Project Envolve™ is a program sponsored primarily by PPL Electric Utilities with the mission of helping us all save more and use less electricity. I’ve been provided with complimentary products as an Ambassador for the program in exchange for sharing these ideas and my own use of them with you. The opinions in this post are 100% mine. You can read my full disclosure policy here.
I’ve been teamed up with PPL Electric Utilities and Project Envolve for several months now and have learned so much about simple ways to save on energy costs. You can check out my past posts here to get some tips for yourself! This month we took on Mission 5, a home energy audit! This was the most exciting and educational mission for me. I really was totally unfamiliar with a home energy audit, what it entailed and what you’d learn about saving money on utility bills. So I’m really excited to share this info with you!
Typically a home energy audit is requested for one of two reasons: Your energy bills are extremely high, or you have comfort issues in your home. Our energy bills aren’t insanely high though lower is always better and I’ll take any savings I can get. We do, however, have some areas of our house that are a little too chilly for my liking so we were primarily interested in what could be done about them.
What did the Home Energy Auditors Do?
First I have to give a shout out to the Energy Auditors local to me in Central PA. These guys were so awesome. They were professional, efficient, so friendly, and answered all of our questions in a way we could understand. I highly recommend them if you’re local to my neck of the woods.
A few days before they came out I got a call so they could ask me some basic questions: Do you have gas heat? How old is your house? How many square feet is your house? etc, etc. They do ask for some past electric and gas bills so they can see what your usage is currently and be able to tell you what you might save when you implement some of their suggestions.
The first thing they did at my house was more of a safety test than an energy efficiency test. They called it a combustion safety test and looked at our gas appliances, the furnace and water heater, to check their carbon monoxide emissions. I did learn that we should have a CO detector in the basement where the combustible appliances are. We currently only have one in our living space and you need one in both places. When all was well there they moved on to my favorite part, the Blower Door! It’s like a scene straight out of E.T.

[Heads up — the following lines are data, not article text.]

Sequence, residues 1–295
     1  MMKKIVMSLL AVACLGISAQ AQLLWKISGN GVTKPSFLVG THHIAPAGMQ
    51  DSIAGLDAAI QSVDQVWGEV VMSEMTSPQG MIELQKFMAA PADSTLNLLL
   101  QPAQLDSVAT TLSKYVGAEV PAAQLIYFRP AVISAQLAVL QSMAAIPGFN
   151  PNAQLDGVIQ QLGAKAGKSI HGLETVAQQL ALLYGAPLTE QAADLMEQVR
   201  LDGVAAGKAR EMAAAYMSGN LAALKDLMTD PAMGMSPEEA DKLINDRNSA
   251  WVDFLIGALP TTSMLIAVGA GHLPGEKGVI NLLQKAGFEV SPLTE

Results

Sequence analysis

They set this machine up on your front door to create the equivalent of a 20mph wind so they can see where the air is leaking in your house. So here’s a little math for you but I’ll try to keep it simple:
It’s normal and actually healthy for 35% of the volume of air in your home to change over (flow in – flow out) per hour. If more than that flows, we need to seal up some leaks. If less than that flows, you may need some additional ventilation. They can tell how much air is flowing out of your house with this machine.
They calculated, based on the height of our ceiling and the square footage of our home that the volume of air in our house is 16,110 cubic feet. Multiply that by 35% and in one hour we should see 5,638 cubic feet of air turn over. We divide that by 60 to come up with an amount of air per minute and get 94 cubic feet per minute. Based on their blower in our door, only 59 cubic feet of air per minute was turning over. Uh oh.
Well, actually, it’s not too big of a deal. It turns out that if you’re within about 70% of that target 35% air turnover, you’re still in good shape. So 70% of 94 cubic feet per minute (our ideal air turnover amount) is 64.9 cubic feet per minute. Remember we’re at 59 cubic feet, so still a little low but close enough.
The bottom line? We have a pretty tight house. No major leaks anywhere, which is good and probably what you’d expect since our house is still pretty new. But since you do need some airflow we don’t want to do much to seal it up any tighter. They said it was fine to take care of some little cracks here and there but we’re good where we’re at. The ticket here is to find the right balance between healthy air flow and reasonable energy costs.
What did they find?
This was also fun for me! After they set the blower door up they used a thermal detector to find cold areas on the walls. And we had a bunch in all the places I suspected (and then some). We have tons of windows along the back of our house. I absolutely love the natural light and being able to watch the kids play outside but there’s pretty much no insulation there, so I wasn’t surprised to find that the walls in our kitchen are a bit chilly.